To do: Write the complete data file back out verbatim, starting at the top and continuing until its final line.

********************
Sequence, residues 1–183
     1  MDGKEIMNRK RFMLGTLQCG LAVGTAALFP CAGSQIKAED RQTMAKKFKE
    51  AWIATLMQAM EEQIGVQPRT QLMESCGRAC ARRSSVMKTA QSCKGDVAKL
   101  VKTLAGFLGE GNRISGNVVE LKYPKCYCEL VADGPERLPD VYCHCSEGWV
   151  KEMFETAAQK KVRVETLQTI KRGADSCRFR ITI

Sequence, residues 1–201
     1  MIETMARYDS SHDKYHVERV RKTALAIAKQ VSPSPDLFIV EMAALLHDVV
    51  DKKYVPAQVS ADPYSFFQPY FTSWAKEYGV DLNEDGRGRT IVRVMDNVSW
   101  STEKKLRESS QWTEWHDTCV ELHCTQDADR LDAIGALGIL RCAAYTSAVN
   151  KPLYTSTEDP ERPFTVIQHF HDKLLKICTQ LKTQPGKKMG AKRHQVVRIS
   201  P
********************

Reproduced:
Sequence, residues 1–183
     1  MDGKEIMNRK RFMLGTLQCG LAVGTAALFP CAGSQIKAED RQTMAKKFKE
    51  AWIATLMQAM EEQIGVQPRT QLMESCGRAC ARRSSVMKTA QSCKGDVAKL
   101  VKTLAGFLGE GNRISGNVVE LKYPKCYCEL VADGPERLPD VYCHCSEGWV
   151  KEMFETAAQK KVRVETLQTI KRGADSCRFR ITI

Sequence, residues 1–201
     1  MIETMARYDS SHDKYHVERV RKTALAIAKQ VSPSPDLFIV EMAALLHDVV
    51  DKKYVPAQVS ADPYSFFQPY FTSWAKEYGV DLNEDGRGRT IVRVMDNVSW
   101  STEKKLRESS QWTEWHDTCV ELHCTQDADR LDAIGALGIL RCAAYTSAVN
   151  KPLYTSTEDP ERPFTVIQHF HDKLLKICTQ LKTQPGKKMG AKRHQVVRIS
   201  P